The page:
Avocados Or Onions?
We have sung nursery rhymes about oranges and lemons. We have been told that it’s healthier to be a pear than an apple when it comes to body shape. We have compared apples to oranges, only to find that it’s not the smartest thing to do.
Fruity Idioms always add a touch of tang and spice to our conversations. But Senior Congress leader P Chidambaram has taken it to a whole new level by bringing avocados and onions to the nation’s political discourse on December 5.
The elitist barb
Chidambaram was reacting to Finance Minister Nirmala Sitharaman’s comments during a discussion on soaring onion prices in the Lok Sabha: ”The Finance Minister said yesterday that she doesn't eat onions. So what does she eat? Does she eat avocado?"
Chidambaram's “elitist” barb at Sitharaman, at a time the common man is finding it difficult to afford even the humble onion, has gone viral, adding some humour to cantankerous political posturing.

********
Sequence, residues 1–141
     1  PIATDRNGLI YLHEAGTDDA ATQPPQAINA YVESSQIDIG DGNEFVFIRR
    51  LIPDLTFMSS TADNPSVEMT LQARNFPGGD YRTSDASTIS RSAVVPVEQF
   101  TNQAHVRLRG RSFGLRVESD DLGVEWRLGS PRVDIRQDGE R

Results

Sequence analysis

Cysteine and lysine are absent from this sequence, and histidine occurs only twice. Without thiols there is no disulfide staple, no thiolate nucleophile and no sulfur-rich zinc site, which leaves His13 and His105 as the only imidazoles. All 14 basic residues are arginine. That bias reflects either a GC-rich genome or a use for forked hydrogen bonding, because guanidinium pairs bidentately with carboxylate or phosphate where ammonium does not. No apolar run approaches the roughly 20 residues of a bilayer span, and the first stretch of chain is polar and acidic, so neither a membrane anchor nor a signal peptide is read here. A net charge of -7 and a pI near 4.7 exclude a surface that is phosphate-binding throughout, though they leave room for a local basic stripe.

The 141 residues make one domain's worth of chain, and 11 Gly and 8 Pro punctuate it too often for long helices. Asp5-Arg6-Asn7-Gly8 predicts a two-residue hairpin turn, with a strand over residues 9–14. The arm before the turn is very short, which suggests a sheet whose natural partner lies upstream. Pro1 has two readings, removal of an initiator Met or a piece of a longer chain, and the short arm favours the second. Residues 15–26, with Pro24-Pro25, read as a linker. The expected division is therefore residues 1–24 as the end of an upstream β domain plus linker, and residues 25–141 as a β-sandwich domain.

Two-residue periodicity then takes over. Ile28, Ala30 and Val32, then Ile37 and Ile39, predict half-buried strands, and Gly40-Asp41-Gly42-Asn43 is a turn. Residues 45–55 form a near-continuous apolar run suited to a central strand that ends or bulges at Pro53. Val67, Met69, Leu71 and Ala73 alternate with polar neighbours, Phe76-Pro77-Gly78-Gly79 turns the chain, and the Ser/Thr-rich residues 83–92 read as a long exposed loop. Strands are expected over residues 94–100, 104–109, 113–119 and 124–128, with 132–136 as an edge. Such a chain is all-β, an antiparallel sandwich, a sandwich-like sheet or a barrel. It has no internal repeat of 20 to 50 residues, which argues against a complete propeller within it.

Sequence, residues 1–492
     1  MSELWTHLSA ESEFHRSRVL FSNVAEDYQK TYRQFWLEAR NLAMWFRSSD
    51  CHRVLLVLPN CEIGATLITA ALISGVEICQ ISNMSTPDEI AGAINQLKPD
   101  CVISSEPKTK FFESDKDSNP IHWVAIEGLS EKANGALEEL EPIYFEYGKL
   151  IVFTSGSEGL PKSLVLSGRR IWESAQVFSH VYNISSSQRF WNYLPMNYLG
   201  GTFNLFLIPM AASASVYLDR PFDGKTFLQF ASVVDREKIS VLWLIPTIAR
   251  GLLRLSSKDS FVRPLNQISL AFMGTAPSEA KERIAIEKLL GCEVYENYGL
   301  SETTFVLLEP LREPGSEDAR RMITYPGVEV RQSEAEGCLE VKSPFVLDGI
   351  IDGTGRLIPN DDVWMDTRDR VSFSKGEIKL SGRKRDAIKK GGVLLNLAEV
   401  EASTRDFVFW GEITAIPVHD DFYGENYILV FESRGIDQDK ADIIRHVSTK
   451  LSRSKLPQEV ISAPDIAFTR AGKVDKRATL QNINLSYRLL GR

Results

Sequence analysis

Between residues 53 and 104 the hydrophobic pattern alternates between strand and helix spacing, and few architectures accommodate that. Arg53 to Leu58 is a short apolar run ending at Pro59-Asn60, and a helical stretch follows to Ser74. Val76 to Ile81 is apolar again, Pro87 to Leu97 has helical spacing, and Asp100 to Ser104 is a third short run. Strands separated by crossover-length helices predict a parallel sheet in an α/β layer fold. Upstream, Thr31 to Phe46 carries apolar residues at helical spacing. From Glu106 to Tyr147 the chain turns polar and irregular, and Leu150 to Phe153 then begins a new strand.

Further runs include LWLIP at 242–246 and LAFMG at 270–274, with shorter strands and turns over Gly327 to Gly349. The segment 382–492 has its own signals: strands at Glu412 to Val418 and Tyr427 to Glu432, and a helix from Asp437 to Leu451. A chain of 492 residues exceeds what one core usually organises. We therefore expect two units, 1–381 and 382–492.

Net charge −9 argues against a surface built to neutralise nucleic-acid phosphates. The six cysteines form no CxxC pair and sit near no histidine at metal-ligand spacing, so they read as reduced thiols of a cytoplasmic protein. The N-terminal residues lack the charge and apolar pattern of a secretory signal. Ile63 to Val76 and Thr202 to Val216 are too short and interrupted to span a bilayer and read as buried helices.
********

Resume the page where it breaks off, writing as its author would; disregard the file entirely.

The pricey avocado
Breakfast or brunch, starter or dessert, topped with seasoning or paired with exotics—have a slice of avocado or two. It’s one of the world's trendiest foods in the new millennium and a staple of adventurous foodies. The ridiculously expensive (and also environmentally taxing) fruit has taken the world of Instagram by storm.
To those in the nutrition space, however, avocados are not that different from onions. Something wholesome binds them together. That’s because, both avocados and onions fall under the same category: “the world’s healthiest foods.”
Here’s what both avocados and onions have in common: